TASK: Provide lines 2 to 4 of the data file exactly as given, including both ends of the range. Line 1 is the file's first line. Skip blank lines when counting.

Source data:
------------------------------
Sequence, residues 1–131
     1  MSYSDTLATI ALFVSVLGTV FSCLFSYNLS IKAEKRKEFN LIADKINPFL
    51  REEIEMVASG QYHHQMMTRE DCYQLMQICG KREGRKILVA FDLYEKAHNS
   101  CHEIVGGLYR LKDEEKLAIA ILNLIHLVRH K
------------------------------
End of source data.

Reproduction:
     1  MSYSDTLATI ALFVSVLGTV FSCLFSYNLS IKAEKRKEFN LIADKINPFL
    51  REEIEMVASG QYHHQMMTRE DCYQLMQICG KREGRKILVA FDLYEKAHNS
   101  CHEIVGGLYR LKDEEKLAIA ILNLIHLVRH K